View Full Version : Short Introduction to Perl

11-13-2010, 11:21 PM
Perl, Python, Ruby are quite famous scripting languages amongst hackers apart from main mainstream C/C++. I got some good tutorials and ebooks from Guru gOOgle on Perl :) I m gonna post a short tutorial on Perl here.You should have perl installed in your system. Its present in some Linux version.

Lets start with the basics, printing some text. Open up any text editor:


print "Hello World!"; #prints hello world to the screen

you can save the file as "all files" with .pl extension. like "hello.pl"

Lets disect this one line at a time:


The first line of every PERL script is a commented line directed toward the PERL interpreter. That way is the commonly used way for Linux users, but what if you're running Windows? Like so:


Make sure to see if you have the right directory set to perl.pl (WILL VARY!!)
Now The # makes it a commented line.
print "Hello World!"; #prints hello world to the screen

The print keyword sends output to the screen, in this case, Hello World! will be sent to the screen as output. Do not forget the semi-colon. There you see the # again which means its a comment and won't show up when you run it. Comments should always be used and will help keep code easy and readable. Both single or double quotes can be used in perl.

Lets move on for printing variables. To declare a string variable, you do the following:
$myVariable = "Hello World!";
my $myVar = "Hello World!";
print "$myVariable";

String variables always have an $ in the beginning following a variable name, but you can also put 'my' in front, which makes it easier in bigger size perl code, than followed by an = sign which means "set to" and then the string in quotations, dont forget the semi-colon and remember variables are case-sensitive!! Now in Perl, there is no int, char, double, long, float. It is all done with the $. Example:

#This defines many different variables
$stringvariable = "This is a string!";
$numbervariable = 5;
$mathvariable = "1 + 1";
#This is called Scalar Variables

print "$stringvariable\n";
print "$numbervariable\n";
print "$mathvariable";

Scalar variables are simple variables containing only one element--a string, a number, or a reference. Strings may contain any symbol, letter, or number. Numbers may contain exponents, integers, or decimal values. Very simple and dead to the point.

Arrays are defined using the @ followed by the array name and then the "set to", or =, then your elements defined enclosed in parenthesis and in quotations and seperated by comma's:
@myArray = (" Zero", " One", " Two", " Three", " Four", " Five");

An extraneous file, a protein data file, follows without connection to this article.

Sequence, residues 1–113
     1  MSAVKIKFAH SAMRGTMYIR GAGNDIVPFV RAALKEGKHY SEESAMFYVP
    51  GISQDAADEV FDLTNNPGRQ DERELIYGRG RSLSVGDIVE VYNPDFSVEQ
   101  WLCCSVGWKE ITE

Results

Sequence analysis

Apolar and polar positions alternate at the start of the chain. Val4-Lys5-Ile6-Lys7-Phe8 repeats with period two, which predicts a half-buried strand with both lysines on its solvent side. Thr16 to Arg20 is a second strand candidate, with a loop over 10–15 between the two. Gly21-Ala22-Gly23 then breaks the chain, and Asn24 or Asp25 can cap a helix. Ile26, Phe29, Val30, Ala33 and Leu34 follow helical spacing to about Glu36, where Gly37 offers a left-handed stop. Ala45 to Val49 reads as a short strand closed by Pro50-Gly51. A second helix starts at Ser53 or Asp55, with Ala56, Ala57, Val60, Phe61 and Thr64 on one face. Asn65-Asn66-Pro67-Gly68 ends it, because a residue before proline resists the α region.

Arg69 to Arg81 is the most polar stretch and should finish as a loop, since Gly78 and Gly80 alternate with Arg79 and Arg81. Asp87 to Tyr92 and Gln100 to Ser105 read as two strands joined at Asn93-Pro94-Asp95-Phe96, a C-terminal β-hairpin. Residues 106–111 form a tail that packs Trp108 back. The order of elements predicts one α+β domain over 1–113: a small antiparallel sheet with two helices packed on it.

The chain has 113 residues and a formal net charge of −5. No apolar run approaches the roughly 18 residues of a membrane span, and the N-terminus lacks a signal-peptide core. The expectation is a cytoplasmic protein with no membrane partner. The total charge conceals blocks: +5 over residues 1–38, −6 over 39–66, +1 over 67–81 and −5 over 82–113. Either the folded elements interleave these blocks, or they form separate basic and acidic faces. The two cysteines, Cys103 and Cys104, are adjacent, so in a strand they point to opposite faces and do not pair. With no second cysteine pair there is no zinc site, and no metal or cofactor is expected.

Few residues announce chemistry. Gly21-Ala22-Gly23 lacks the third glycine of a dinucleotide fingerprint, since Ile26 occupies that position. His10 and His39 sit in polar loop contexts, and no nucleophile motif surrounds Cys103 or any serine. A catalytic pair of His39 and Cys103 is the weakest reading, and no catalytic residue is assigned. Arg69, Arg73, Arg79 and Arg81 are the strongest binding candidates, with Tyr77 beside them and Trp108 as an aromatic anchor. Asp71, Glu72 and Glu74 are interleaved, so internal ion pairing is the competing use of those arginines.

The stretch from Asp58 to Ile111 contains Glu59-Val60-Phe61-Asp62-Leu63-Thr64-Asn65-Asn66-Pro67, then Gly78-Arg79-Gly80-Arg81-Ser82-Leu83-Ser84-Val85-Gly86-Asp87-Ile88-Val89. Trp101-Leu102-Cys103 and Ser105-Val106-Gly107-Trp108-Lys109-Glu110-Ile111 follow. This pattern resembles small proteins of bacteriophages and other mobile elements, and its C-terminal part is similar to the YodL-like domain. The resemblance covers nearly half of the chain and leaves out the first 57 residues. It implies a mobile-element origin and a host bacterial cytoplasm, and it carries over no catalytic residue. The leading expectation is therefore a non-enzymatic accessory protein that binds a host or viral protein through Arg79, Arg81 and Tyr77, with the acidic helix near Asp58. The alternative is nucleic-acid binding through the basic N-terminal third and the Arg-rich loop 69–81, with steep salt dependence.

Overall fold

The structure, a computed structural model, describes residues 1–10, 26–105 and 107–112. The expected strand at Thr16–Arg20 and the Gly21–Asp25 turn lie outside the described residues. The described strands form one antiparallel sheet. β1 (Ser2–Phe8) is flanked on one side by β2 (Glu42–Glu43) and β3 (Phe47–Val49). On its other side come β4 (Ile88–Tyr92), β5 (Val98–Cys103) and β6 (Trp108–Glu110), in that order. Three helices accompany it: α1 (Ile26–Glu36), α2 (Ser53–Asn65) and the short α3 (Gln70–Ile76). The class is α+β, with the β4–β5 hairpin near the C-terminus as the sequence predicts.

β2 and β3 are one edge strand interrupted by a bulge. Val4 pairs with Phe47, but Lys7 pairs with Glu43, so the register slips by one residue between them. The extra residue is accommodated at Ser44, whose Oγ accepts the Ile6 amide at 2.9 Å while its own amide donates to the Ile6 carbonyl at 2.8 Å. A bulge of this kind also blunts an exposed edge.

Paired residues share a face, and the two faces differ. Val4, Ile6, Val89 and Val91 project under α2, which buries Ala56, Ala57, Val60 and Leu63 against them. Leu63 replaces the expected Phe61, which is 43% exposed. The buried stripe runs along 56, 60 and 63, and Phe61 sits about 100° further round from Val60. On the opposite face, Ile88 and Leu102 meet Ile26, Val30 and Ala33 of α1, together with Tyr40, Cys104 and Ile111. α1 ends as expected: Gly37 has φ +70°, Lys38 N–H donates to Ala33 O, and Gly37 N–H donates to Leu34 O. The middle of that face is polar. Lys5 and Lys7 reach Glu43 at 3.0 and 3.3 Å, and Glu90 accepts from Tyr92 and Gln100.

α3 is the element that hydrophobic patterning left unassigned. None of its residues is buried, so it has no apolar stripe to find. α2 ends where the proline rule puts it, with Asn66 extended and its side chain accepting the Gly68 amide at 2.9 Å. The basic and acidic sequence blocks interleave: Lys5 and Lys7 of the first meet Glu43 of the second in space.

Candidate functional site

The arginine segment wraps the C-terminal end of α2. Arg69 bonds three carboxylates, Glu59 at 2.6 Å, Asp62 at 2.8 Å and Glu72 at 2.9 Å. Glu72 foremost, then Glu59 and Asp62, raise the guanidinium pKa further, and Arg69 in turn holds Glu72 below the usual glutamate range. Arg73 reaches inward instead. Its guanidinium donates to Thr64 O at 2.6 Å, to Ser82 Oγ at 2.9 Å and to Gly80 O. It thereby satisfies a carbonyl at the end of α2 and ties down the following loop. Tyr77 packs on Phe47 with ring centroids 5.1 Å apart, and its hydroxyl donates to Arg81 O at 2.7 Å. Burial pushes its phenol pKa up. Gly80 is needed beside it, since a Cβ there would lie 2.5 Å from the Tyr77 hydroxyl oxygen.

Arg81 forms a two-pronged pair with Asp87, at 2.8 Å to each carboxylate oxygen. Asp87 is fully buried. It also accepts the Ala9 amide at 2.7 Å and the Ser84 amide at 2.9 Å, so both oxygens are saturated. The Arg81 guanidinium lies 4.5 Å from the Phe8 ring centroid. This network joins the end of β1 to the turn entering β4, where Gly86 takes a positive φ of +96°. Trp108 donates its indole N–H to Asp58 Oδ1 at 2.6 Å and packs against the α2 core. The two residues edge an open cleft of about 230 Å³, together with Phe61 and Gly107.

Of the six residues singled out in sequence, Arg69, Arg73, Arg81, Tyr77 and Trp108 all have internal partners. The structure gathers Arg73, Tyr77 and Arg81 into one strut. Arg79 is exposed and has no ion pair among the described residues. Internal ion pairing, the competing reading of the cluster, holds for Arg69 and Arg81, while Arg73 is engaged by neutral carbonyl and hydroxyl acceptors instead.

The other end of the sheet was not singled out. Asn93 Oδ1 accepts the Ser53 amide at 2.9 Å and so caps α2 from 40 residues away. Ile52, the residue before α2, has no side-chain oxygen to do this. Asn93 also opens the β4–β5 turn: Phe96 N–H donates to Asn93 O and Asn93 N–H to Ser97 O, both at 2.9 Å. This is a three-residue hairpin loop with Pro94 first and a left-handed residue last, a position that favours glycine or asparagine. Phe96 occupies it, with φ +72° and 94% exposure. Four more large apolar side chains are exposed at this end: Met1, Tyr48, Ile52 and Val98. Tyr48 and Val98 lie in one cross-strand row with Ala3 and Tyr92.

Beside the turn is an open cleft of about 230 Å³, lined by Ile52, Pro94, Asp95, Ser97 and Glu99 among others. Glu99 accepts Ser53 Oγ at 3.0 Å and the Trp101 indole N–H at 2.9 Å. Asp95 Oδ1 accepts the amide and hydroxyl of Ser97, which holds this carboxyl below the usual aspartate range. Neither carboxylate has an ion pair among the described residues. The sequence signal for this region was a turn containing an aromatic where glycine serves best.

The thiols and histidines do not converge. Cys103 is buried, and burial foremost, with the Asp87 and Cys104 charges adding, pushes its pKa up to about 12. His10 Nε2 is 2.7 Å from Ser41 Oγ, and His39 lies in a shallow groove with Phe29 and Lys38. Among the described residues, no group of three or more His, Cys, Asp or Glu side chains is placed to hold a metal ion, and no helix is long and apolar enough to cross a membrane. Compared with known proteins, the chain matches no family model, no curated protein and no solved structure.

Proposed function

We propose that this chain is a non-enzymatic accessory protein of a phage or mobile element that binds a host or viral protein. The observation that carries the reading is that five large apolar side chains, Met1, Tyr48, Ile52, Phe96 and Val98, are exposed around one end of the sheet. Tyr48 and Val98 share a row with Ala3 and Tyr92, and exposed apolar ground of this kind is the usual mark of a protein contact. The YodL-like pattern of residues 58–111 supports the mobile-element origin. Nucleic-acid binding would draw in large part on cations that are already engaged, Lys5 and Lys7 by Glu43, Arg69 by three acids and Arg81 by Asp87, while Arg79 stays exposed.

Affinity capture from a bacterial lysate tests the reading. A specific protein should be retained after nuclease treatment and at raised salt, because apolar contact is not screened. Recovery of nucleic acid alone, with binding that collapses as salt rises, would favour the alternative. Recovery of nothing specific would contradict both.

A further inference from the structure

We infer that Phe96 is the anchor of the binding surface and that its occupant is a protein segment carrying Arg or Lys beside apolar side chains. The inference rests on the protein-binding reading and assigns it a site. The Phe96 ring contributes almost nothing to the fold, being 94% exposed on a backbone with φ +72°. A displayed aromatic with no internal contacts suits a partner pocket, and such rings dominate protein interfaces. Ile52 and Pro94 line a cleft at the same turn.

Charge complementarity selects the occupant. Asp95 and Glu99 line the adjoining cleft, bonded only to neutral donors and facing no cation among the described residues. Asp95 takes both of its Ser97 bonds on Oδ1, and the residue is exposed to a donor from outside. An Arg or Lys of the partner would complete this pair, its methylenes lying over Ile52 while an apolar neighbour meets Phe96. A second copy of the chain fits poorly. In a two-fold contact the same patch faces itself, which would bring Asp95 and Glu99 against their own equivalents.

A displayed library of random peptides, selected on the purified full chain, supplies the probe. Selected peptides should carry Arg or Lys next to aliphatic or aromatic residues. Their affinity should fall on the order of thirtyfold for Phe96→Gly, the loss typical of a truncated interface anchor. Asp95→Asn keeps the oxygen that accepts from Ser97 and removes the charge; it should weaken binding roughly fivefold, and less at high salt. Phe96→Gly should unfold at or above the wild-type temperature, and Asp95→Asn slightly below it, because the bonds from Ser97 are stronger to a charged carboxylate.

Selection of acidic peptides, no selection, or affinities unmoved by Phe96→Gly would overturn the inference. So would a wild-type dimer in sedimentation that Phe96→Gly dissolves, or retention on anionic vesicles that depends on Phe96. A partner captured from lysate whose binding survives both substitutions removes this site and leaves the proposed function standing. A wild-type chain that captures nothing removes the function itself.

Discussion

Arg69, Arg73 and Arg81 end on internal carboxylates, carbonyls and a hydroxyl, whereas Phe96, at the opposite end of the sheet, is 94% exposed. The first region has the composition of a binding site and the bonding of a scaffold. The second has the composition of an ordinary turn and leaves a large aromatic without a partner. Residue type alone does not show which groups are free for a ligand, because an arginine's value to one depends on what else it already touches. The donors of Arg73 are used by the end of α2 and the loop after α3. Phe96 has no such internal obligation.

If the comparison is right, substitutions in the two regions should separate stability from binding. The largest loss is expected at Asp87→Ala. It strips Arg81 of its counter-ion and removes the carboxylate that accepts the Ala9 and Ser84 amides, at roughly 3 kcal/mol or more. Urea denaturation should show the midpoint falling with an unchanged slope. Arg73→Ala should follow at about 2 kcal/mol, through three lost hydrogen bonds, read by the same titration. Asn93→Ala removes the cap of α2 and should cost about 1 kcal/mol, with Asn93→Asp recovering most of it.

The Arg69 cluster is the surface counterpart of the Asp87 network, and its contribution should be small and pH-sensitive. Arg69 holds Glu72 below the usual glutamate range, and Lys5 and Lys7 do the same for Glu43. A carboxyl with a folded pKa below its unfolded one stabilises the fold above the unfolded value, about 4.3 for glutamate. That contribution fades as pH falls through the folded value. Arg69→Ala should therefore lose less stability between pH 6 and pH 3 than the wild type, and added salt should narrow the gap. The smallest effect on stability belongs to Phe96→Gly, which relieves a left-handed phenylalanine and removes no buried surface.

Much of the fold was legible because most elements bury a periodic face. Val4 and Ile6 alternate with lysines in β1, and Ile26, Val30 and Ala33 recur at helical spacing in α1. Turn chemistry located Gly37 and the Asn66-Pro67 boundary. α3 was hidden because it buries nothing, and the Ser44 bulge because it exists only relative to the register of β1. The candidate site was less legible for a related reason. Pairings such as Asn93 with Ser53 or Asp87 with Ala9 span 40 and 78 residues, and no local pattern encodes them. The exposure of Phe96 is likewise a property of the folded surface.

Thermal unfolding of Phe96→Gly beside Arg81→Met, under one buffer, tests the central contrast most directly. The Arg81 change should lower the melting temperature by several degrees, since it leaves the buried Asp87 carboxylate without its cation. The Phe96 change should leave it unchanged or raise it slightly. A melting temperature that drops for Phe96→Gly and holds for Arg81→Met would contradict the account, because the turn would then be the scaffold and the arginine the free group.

print "@myArray";
This will output:
Zero One Two Three Four Five

Now, you're probably wondering why we are printing our variables with double quotations around them, and you're probably wondering how you would print out character such as $, @, %, ', " you would do this with a backslash(\) character:
$mystring = "This is mystring!";
print "\$mystring\n";
print "$mystring";

The first print will print the text $mystring and not the variable $mystring because we have used the backslash character. This is called escape characters. the second one will print the value in $mystring because there is no escape characters. You're probably wondering why I keep using \n and this should come easy for alot you. \n is a formatting character, there's a whole bunch of them. \n begins a newline where ever you put it at.

Formatted Characters using backslash:
\L Transform all letters to lowercase
\l Transform the next letter to lowercase
\U Transform all letters to uppercase
\u Transform the next letter to uppercase
\n Begin on a new line
\r Applys a carriage return
\t Applys a tab to the string
\f Applys a formfedd to the string
\b Backspace
\a Bell
\e Escapes the next character
\0nn Creates Octal formatted numbers
\xnn Creates Hexideciamal formatted numbers
\cX Control characters, x may be any character
\Q Do not match the pattern
\E Ends \U, \L, or \Q functions


$newline = "\n";
$allUpperCase = "\U";

print "Hello, Here comes a newline! $newline";
#change the word cat to all uppercase using our variable
print "$allUpperCase cat";

Let's go back to arrays for a little bit, and use this example:

@myArray = ("Zero","One","Two","Three");

Every value in your array is assigned to an element, the elements always start at 0 and so forth. Which means, the value in @myArray, "Zero" is the element 0. "One" is element 1, and so on.

Array values can get hard to read if you have alot of them, with all those quotations and commas, to simplify it you can use qw();

@easierArray = qw(Zero One Two Three Four Five Six Seven Eight);
So this was quick introduction to Perl. Hope you all will like it :) For further study of this language , please download the documentation from the official Perl site. Its very helpful . Thanks

11-15-2010, 10:40 AM
nicce guide .. would help starters and newbies in perl like me a lot :)

11-15-2010, 09:28 PM
me also a newbie bro..these languages r quite interesting :)